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Noise cancelling headphones test

Acoustic Authority iRhythms A9900

Sensitivity: 119dB
Impedence: 32ohms
Response bandwidth: 20-20,000Hz

Price: £39.99, soon to be available.

The A9900s are the cheapest set on test here, coming in £10 less than the Sony set. Acoustic Authority are a relatively recent entrant to the audio market, but the company has already impressed us with its iRhythms iPod speakers. Can this set of portables work the same magic?

If nothing else, they're sure to make you stand out on a crowded commute, being coloured in a bright iPod white. Whilst they surely provide better sound quality than Apple's ubiquitous earbuds, they're far less subtle in appearance.

The major downside that these things have is that there is an integrated volume control on the headphone wire. We are firmly of the opinion (although you may differ) that such controls are very bad things. Not only do they add weight to the cord, creating a pendulum effect, but the circuitry is primitive - simply a variable resister impeding current, which in turn can lessen the sound quality.

Technically, these ought to sound better than the Sonys, with a larger response width, although the impedence is fully a third higher, meaning they will take more power to drive, draining your battery life.

Noise cancelling headphones test Acoustic Authority A9900 Noise cancelling headphones test Acoustic Authority A9900 Noise cancelling headphones test Acoustic Authority A9900 Noise cancelling headphones test Acoustic Authority A9900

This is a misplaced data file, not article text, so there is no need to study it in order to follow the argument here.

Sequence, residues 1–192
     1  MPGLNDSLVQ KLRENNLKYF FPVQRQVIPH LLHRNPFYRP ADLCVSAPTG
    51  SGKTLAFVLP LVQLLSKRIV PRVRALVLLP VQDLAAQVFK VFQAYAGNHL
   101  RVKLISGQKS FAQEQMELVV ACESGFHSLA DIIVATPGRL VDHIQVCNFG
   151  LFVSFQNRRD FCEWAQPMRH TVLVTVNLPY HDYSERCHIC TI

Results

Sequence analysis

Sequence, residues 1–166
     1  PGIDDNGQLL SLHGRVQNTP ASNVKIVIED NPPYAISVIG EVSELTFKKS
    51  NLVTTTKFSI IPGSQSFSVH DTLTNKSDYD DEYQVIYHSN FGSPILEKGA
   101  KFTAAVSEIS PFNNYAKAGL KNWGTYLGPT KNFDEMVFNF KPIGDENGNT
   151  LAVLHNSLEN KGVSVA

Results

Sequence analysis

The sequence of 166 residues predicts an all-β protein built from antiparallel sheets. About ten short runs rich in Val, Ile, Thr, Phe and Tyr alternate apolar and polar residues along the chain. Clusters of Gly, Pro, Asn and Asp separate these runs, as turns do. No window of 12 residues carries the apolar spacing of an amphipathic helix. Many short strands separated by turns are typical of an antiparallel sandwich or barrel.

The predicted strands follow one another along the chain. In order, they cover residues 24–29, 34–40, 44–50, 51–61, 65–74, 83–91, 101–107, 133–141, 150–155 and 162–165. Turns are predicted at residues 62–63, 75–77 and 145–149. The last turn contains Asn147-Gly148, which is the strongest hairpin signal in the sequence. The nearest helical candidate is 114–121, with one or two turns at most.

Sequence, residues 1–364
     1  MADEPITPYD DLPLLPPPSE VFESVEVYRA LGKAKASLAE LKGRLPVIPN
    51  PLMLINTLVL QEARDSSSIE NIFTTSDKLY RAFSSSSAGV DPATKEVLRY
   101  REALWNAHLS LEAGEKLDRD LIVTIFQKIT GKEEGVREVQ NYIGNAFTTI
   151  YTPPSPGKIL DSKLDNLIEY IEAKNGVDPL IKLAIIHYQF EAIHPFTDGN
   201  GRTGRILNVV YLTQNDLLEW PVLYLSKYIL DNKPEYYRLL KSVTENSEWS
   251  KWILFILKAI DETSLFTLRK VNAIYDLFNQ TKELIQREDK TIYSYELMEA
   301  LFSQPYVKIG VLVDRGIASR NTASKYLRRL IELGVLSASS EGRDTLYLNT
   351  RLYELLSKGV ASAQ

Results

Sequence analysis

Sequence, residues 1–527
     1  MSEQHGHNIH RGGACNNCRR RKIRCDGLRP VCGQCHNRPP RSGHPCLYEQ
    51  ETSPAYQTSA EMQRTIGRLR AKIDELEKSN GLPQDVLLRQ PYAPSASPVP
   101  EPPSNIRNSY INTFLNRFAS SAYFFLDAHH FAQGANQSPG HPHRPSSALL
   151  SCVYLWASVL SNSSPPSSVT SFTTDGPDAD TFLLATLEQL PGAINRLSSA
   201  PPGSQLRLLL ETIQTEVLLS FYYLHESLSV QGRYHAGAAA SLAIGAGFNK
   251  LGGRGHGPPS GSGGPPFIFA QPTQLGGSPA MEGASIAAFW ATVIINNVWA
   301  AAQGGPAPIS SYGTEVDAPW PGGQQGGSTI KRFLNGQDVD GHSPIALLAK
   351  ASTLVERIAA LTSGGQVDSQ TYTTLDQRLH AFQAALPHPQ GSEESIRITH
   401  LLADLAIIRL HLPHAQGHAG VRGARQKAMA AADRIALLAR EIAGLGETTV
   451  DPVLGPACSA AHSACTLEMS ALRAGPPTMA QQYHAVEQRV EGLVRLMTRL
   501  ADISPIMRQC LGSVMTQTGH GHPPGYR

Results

Feel and fit: The A9900s are quite big, even with the extendable headband compressed to minimal. If you've got a small head, you may find these utterly unusable. They do have the benefit of a very cushy leatherette ring around the earphones, which makes them pretty soft and comfortable to wear for long periods.

They're solidly constructed out of white plastic, and this does make them pretty heavy. Because they're quite big around the headband, the only pressure is really on your ears, which is quite a weird sensation. On the whole, they're fairly comfortable, just slightly odd to wear.

One bonus in this set is that there's no extra bump or dongle for the noise cancelling circuitry - the AAA battery plugs straight into the side of headphones.

Noise cancelling: Unfortunately, the cancelling on this set was the worst out of the three pairs we tested. The inverse noise had next to no effect on voices and did merely an adequate job on ambient noise. However, it gains some extra (passive) cancelling through having padded earphones that do a decent job of blocking some extra noise.

The characteristic hiss of noise cancelling headphones is greater on this than on the Sony, and a little too noticeable for our liking.